If I could change one thing about Kelli, I wouldn't! Can you imagine the mess I'd make if I could? Praise Yahweh!

05 November 2010

Where I Act Like a Wife and She Acts Like a Husband

Anyone who knows Kelli and I knows that I'm the talker and she's the quiet one. Not by definition, but if you had to decide which of those title went to which, I'd be the talker and she'd be the quiet one. I'm a little more outgoing, a little more willing to put myself out there, and she's more reserved, more introspective, more pensive.

So I don't really know why I came into our marriage believing all those marriage books and everything I'd ever heard about communication within marriage were going to apply to us. The general understanding is that wives love to chat about their days, and their husbands need to hang on their every word, all the time, because we're getting glimpses into their spirit. Communication, communication, communication. The lack of it is the number one cause of divorce, or something.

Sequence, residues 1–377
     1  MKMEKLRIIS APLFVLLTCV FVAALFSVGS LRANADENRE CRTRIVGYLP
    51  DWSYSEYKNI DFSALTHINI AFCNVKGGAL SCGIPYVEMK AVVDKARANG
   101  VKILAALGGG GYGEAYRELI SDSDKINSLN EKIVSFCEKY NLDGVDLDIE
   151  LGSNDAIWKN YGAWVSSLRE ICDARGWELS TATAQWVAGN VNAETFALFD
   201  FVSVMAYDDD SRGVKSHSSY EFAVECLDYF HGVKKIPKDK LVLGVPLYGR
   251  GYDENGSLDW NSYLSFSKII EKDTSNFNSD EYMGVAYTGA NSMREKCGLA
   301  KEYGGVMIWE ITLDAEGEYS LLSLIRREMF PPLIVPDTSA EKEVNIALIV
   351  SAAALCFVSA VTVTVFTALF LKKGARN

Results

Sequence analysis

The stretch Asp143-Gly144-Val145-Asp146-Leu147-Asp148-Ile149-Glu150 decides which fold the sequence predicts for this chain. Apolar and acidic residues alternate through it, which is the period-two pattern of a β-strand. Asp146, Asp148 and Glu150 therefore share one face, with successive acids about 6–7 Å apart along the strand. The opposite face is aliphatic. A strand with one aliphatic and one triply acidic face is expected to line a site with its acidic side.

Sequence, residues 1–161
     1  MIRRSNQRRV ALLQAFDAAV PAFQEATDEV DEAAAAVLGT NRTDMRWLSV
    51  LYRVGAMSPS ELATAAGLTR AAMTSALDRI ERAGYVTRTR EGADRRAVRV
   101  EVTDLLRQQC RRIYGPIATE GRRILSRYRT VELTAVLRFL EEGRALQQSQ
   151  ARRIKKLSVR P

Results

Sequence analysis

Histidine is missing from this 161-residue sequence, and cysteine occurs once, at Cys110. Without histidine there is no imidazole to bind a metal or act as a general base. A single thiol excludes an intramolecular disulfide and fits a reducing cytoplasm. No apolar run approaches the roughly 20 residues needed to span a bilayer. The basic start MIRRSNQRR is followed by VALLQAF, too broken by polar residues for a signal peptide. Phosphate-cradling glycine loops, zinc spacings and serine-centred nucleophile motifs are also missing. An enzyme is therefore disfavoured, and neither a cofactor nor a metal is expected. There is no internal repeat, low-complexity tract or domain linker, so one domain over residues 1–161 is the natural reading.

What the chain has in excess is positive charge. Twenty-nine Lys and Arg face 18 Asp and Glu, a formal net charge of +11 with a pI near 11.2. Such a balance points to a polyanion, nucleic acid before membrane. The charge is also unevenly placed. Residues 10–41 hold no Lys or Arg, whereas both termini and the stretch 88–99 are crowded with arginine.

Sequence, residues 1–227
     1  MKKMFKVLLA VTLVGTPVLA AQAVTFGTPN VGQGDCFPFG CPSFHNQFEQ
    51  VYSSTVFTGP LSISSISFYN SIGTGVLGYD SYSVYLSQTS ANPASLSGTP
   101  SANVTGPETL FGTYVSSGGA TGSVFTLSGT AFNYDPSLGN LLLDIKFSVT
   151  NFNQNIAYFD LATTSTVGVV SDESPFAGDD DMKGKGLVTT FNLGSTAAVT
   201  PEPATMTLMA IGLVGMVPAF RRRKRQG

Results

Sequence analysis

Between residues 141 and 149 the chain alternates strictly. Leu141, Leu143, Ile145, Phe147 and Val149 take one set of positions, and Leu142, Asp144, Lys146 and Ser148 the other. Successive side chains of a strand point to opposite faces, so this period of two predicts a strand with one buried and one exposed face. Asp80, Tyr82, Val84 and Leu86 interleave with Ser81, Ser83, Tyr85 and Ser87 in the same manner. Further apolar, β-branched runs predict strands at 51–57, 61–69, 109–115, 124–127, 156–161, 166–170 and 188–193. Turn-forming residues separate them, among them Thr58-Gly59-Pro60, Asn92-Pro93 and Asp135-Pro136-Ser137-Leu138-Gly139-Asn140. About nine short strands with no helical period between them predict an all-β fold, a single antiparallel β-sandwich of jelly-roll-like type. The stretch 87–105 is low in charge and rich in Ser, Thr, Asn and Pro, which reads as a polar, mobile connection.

I understood this, and I was so ready. When I got home from work, I'd devote as much time as Kelli wanted to just chatting it up, as she revealed her spirit to me through conversation. I was pumped. I was going to be the best husband ever. I was going to listen to her even if she talked my ear off for five hours and then it was time for bed.

So understand my confusion when Kelli just didn't really want to talk. I'd try and broach subjects. I'd try and open those lines of communication. But sometimes she just didn't want to throw me a bone, or at least as much of a bone as I was hoping for.